BETWEEN January and June, Jammu and Kashmir witnessed arrivals of around 10.6 million tourists. Up to 10,000 people — mostly from other parts of India — are arriving on some 100 flights a day to the airport in Srinagar. But the tourist number is not only disproportionately higher than the last year but a record in the last decade. Official figures show that just over 41,000 people visited Kashmir in all of 2020. Most hotels are booked through the summer with tourist resorts like Gulmarg, Pahalgam, and Dal lake attracting the most tourists. However, the UT government has now increased the options for tourists by developing more resorts. For example, Aharbal, Yusmarg, Tosamaidan, Gurez, historic old city in Srinagar are finding a prominent place on the tourist map of Kashmir. These places need further development of tourist infrastructure and also wider publicity for people to visit.
A combination of factors has made the tourism boom possible: One, there is this perception across the country that after the revocation of Article 370 J&K has been fully integrated into India. Second, Covid-19 fallout which severely reduced the options to go abroad and third the ongoing sweltering summer in mainland India which has forced people to escape to colder places like Kashmir. The Tourism department has said that an advertising campaign across major Indian cities and the opening of new destinations were also attracting more tourists.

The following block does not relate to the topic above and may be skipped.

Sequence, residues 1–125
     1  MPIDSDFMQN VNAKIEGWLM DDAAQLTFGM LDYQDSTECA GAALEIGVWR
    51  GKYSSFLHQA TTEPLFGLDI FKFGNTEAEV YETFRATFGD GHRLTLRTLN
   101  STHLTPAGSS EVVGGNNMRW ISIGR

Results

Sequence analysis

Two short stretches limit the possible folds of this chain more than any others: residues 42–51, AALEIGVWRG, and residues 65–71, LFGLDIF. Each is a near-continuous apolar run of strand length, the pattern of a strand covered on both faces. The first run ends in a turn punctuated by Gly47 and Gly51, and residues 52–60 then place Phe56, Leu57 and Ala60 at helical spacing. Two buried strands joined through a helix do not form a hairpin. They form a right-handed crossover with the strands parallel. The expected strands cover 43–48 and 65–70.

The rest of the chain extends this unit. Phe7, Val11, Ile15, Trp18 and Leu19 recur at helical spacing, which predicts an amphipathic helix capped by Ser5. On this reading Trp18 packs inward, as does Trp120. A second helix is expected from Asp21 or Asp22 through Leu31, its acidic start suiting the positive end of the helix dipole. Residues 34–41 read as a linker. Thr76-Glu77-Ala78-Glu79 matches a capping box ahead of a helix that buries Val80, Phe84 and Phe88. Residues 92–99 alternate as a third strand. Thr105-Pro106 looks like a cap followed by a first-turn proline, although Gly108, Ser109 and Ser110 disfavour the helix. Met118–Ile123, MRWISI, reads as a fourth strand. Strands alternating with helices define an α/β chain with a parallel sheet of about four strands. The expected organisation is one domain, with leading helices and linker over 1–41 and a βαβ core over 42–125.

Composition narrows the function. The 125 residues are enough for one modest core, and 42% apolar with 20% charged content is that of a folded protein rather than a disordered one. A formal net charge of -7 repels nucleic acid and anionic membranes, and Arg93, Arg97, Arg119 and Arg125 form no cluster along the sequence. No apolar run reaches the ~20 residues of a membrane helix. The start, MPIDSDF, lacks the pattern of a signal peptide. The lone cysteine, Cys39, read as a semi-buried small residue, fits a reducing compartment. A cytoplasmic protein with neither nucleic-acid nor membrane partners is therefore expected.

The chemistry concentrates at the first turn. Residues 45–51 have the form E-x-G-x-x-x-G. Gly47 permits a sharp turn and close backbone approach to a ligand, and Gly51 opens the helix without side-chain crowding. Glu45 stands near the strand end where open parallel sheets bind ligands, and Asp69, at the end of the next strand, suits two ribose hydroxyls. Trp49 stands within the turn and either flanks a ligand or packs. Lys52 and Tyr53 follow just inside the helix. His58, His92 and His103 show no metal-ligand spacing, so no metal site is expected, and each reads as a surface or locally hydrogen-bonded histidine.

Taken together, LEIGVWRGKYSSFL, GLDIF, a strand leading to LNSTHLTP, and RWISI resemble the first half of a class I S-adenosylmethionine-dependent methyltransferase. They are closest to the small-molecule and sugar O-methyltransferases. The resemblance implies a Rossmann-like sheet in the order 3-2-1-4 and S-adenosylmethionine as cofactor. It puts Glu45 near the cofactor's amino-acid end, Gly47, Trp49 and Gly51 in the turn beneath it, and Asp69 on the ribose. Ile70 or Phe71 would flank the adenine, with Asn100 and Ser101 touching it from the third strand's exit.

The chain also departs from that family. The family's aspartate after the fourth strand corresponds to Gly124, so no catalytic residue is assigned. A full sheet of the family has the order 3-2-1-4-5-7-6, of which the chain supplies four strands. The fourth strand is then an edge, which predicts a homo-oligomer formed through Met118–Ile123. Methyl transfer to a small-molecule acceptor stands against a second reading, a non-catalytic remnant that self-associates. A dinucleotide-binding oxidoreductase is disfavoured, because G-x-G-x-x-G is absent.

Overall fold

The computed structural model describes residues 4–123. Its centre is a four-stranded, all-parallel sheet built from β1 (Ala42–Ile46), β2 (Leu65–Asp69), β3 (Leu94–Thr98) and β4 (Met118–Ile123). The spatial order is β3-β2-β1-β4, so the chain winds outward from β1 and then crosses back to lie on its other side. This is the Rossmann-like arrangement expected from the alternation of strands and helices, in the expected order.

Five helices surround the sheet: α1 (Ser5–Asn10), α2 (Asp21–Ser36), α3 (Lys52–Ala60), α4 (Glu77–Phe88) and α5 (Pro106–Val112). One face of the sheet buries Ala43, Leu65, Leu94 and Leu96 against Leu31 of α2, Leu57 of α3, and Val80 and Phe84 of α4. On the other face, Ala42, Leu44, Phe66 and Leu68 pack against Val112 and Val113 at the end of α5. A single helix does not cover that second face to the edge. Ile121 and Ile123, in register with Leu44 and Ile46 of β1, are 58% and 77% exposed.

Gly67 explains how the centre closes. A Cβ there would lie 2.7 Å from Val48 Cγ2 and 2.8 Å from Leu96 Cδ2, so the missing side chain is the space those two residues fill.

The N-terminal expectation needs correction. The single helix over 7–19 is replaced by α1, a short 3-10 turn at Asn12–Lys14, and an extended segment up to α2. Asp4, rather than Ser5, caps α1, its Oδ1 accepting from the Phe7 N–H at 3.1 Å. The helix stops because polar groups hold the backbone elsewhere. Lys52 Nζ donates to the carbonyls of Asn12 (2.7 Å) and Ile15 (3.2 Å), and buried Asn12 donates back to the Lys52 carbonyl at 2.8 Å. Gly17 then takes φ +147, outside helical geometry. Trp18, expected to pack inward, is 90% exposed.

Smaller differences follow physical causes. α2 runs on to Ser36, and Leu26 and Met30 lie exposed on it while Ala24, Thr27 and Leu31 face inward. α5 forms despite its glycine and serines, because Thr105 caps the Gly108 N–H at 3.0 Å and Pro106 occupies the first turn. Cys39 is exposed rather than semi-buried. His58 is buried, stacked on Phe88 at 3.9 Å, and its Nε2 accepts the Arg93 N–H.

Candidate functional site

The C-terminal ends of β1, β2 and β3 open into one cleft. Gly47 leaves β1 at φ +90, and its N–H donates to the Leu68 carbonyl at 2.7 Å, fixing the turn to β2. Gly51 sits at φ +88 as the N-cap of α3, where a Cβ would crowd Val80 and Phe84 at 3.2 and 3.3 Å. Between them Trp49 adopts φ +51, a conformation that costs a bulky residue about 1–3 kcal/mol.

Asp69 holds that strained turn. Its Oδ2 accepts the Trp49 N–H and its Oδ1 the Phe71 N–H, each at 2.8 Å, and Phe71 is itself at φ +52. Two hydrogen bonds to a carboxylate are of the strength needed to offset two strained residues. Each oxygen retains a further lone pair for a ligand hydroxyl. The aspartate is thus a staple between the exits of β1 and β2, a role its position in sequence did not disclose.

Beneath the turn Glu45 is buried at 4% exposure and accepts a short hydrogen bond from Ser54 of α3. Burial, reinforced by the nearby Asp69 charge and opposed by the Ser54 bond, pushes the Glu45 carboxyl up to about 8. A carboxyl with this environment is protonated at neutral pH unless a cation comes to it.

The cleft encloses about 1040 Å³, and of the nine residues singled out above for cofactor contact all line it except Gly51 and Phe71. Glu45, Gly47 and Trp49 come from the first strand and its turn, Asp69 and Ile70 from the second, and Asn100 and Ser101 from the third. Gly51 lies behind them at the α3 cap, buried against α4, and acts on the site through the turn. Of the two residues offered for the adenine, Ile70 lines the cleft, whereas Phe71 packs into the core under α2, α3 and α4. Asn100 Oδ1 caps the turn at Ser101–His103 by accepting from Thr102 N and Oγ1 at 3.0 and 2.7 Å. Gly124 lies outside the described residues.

Tourism, one of the mainstays of the Kashmir economy, is one of the sectors that has been hit the hardest over the two years following the abrogation of Article 370 with successive Covid -19 lockdowns also crushing the sector. As a result, a large section of people was largely without employment. Their savings have already been depleted. This includes also the people associated with tourism. In 2021, many cases of suicides and suicide attempts took place as a result. The major cause of suicide attempts was financial distress in the families caused by the turmoil of the preceding two years and also by the extended successive lockdowns.
The tourism sector forms 6.8 percent of Kashmir’s GDP and employs two million people. The sector has the potential to shore up our beleaguered economy. Here’s hoping that things improve from hereon. The waning pandemic has created conditions for unhindered tourism in the Valley. This is also the hope of the people associated with the tourist sector. There is reason to believe that there are no more Covid waves. Tourists could thus continue visiting Kashmir and help resuscitate the economy and generate jobs.
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